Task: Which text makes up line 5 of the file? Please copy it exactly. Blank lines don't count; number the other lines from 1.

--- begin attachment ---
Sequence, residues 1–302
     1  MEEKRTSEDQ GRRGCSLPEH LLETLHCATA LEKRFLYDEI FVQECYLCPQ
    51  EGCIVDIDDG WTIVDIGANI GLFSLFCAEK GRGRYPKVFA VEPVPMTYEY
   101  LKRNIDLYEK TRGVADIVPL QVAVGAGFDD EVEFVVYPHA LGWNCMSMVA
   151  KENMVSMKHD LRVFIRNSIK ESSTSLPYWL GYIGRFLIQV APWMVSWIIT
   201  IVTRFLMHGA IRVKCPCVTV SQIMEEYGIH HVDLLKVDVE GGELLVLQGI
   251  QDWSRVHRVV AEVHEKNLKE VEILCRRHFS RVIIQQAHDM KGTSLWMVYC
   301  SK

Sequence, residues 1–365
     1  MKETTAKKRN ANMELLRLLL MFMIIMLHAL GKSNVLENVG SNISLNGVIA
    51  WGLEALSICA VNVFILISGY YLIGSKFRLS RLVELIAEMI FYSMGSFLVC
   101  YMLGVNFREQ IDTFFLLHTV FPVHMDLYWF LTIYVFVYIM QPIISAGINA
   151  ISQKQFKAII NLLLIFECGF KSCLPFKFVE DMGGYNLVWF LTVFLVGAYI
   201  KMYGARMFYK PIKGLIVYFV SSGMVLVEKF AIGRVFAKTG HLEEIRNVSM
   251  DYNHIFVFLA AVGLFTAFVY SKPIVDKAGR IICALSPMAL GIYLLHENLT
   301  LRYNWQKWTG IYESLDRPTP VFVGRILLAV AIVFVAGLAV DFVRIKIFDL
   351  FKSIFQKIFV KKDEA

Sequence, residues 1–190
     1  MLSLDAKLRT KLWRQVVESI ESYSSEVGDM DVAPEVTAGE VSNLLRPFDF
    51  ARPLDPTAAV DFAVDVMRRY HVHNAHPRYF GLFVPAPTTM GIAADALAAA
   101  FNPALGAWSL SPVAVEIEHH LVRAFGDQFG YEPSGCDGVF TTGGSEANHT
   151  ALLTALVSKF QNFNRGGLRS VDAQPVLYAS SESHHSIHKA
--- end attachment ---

   151  KENMVSMKHD LRVFIRNSIK ESSTSLPYWL GYIGRFLIQV APWMVSWIIT